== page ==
Craig Simpson, The Telegraph, September 8, 2023
More than 100 of Britain’s most distinguished families have signed up to a campaign to provide reparations for slavery, it can be revealed.
Heirs of Slavery was founded by Laura Trevalyan, the former BBC correspondent, who has pledged £100,000 of her own money to fund projects aimed at helping the descendants of slaves in Grenada, where her aristocratic forebears owned plantations.
The Telegraph can now reveal that more than 100 British families have signed up to Ms Trevalyan’s campaign, including serving politicians, City traders, and members of the landed gentry.
These heirs of powerful and storied families from Britain’s imperial history are soon set to convene in order to establish how they can practically atone for the actions of their slave-owning ancestors.
Speaking to The Telegraph in Grenada, Ms Trevelyan explained that this was the start of a growing “movement, saying: “Over 100 have come to us. Over 100 descendants of slave owners in the British Caribbean.
“Those are people who want to know how to support our work, how to research their ancestry, how to go about addressing this and going about repair.”
She added: “There is all of this momentum to towards repertory justice, whatever it means, in the wake of Black Lives Matter It’s a question of how to channel all this moment and all this energy.”
The Heirs of Slavery group aims to follow the lead of Caricom (Caribbean Community), a political and economic union of 15 member states in the region, which has pushed for reparations and devised a 10-point plan for how they should be made by European powers. Their plan includes increasing education on slavery, formal apologies, and cash for development.
A total of 125 families whose ancestors owned slaves have contacted the group. The vast majority are based in Britain, but a small number live in the US, Australia and New Zealand.
Alongside the co-founders of the group, which include David Lascelles, the Earl of Harewood, and Charlie Gladstone, a descendant of Britain’s four-time prime minister, Heirs of Slavery has been contacted by former Tory MP Antoinette Sandbach, whose ancestors built vast estates with slave wealth.
The group has also been approached by Nick Hibbert Steele, a descendant of slave owner George Hibbert, whose vast wealth helped found the West India Docks and the RNLI.
Other establishment figures in politics, academia and the City who have signed up have not yet gone public.
It is understand that a large percentage of the families now attached to the Heirs of Slavery have links to slave plantations in Jamaica, Barbados, and Guyana.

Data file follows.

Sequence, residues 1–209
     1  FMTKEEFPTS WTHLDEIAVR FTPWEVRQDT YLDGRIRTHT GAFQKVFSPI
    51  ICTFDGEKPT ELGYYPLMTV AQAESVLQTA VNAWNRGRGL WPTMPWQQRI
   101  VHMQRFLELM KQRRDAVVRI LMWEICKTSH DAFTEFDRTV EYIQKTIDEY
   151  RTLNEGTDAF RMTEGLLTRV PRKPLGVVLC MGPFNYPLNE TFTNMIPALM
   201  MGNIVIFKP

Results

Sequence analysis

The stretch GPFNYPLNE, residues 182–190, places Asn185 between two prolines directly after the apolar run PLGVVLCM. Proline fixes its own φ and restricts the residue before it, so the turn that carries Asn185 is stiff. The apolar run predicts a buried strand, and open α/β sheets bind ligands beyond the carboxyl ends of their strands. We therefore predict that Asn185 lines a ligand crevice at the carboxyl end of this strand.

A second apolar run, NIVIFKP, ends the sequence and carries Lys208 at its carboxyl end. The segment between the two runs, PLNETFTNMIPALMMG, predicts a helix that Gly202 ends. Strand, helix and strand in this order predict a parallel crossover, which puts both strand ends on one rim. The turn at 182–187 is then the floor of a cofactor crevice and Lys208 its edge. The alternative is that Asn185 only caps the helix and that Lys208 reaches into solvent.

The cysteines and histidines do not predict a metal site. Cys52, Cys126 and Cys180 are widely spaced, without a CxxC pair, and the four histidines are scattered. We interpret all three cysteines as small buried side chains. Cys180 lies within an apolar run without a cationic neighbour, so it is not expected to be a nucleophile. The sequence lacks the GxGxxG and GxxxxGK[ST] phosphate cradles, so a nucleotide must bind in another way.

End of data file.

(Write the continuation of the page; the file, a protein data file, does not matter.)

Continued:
Ms Trevelyan, who has been in Grenada to observe how her own financial pledge might be spent, said it is “It’s no coincidence that wealthy families today are descended from those who gained their wealth through slavery.”
She added that large families might need time to “get their ducks in a row” and decide what they want to do collectively. An inaugural conference of Heirs of Slavery is set to take place in London in November to help to decide what the families will do.
This will be done with the help of Reparations Commissions from individual Caribbean states, who will be asked to offer guidance on what form reparations could take, and where they will have the most benefit. Funding for development has been a key demand from chairs of these commissions.
The Gladstone family recently made a formal apology in Guyana, and it can be revealed that the Trevelyans have approached the Charity Commission to establish the Trevelyan Grenada Reparations Fund so future generations of the family can continue to offer reparatory justice, a path other families could follow.
It is understood that other heirs are only just beginning to look into their ancestral links, including Ms Sandbach, who has called for records of her family history to be digitised. One strand of the Heirs of Slavery group’s work will be seeking to make personal family records public to help people in the Caribbean better understand their history.
Britain had extensive colonial possessions in the Caribbean, alongside the French and Dutch. The 15 Caricom member nations have demanded reparations from European countries to address the wealth that was extracted from their countries through slavery, and underdevelopment prior to independence, with a 10-point plan on how to do this issued in 2014.